> With the emergence of public health, more and more people are opting for
      > public health by first choice and good talent is coming into this stream.
      > The choice of MD and MPH is rather difficult, but as community medicine, I
      > stand by my conviction that if you got the talent, there is NO DEARTH OF
      > WORK.
      > In HP, the trained professional are put to planning post and other public
      > health assignments if they prove the worth. However, a mere degree does not
      > confer any privileges.
      > Dr RK Sood
      > (MAE) Epidemiologist
      > District AIDS Programme Officer
      > Kangra at Dharamshala,
      > District Kangra Himachal Pradesh, India
      > Mobile: +91 9418064077
      > On Thu, Oct 27, 2011 at 11:11 AM, Ritesh Singh docriteshsingh@...wrote:
      > > **

      > >
      > >
      > > i absolutely agree with dr akash srivastava
      > >
      > >
      > >
      > > On Thu, Oct 27, 2011 at 4:47 AM, Aakash Shrivastava <
      > > dr.aakash.shrivastava@... wrote:
      > >
      > >> **
      > >>
      > >>
      > >> *Dear Dr Radha*
      > >> *Dr Sood has very politely explained you the difference. I put it in

      > >> sociological perspective. As an intern who has along way to go, you need to
      > >> be careful in planning your future. Choosing Public Health, over Clinical
      > >> Subjects for post-graduation is first step to "marginalization". In public
      > >> health, choosing a non-M.D. degree qualification is a "double disadvantage".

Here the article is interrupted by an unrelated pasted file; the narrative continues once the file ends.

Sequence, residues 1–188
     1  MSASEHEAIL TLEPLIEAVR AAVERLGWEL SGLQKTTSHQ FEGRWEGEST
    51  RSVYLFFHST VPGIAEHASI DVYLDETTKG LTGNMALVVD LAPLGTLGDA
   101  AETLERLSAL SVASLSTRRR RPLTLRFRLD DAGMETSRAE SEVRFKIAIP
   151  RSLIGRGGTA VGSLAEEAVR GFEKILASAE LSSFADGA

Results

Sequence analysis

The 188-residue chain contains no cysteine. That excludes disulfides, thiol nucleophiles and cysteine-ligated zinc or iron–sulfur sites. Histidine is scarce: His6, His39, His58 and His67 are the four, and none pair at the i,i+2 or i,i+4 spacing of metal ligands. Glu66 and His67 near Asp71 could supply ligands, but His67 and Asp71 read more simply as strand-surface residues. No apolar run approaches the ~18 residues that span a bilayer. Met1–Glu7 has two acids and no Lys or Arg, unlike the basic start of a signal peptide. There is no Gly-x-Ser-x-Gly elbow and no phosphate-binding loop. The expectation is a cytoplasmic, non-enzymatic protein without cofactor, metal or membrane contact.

> >> This disadvantage would only have a "cumulative effect" as you progress in
      > >> your career, unless you choose to leave the borders of India ! That is the
      > >> only time it gains advantage.*
      > >> *Expecting that MCI or any other organisation will ever change

      > >> its skepticism to this issue is like asking too much. I do not think there
      > >> is any possibility for next one or two more generations. In India,
      > >> decisions on public health are taken firstly by bureaucrats, the next level
      > >> of decision is by Technocrats trained as Clinicians. Then comes the Public
      > >> Health trained professionals. So policy changes in India on this issue isn't
      > >> going to happen. Yes, International agencies agree to give opportunities,
      > >> but only to the point when you have a non-Indian on selection board. The
      > >> bias for a M.D. candidate is going to be strong. So its better you spent
      > >> your present days competing for a post graduation in clinical discipline. E
      > >> **ven if your ultimate wish to serve the field of public health, in **long
      > >> run this would be a better way to do so. *

      > >>
      > >> --- In iapsm_youthmembers@yahoogroups.com, Radha Valaulikar radharadha@
      > >> wrote:
      > >> >
      > >> > Dear IAPSM youth members group,
      > >> >
      > >> > I learnt that he MPH (Masters in Public Health) course offered by
      > >> various
      > >> > institutes across India is not recognised by the MCI. What are its
      > >> > implications? What all can a MPH person *not* do because his course is
      > >> not
      > >>
      > >> > recognised by the Medical Council of India? I'll be thankful if somebody
      > >> can
      > >> > please answer my query.....
      > >> >
      > >> > Thank you very much
      > >> >
      > >> > Dr.Radha Valaulikar
      > >> > Intern, GMC-Goa
      > >> > radharadha@
      > >> > 09881202353
      > >> >
      > >>
      > >>
      > >
      > >
      > > --
      > > 
      > >
      > >

      Dr. Ritesh Singh MD (AIIMS)
      Assistant Professor,
      Department of Community Medicine,
      College of Medicine and J. N. M. Hospital,
      Kalyani, Nadia, West Bengal.
      Mobile: 9836444242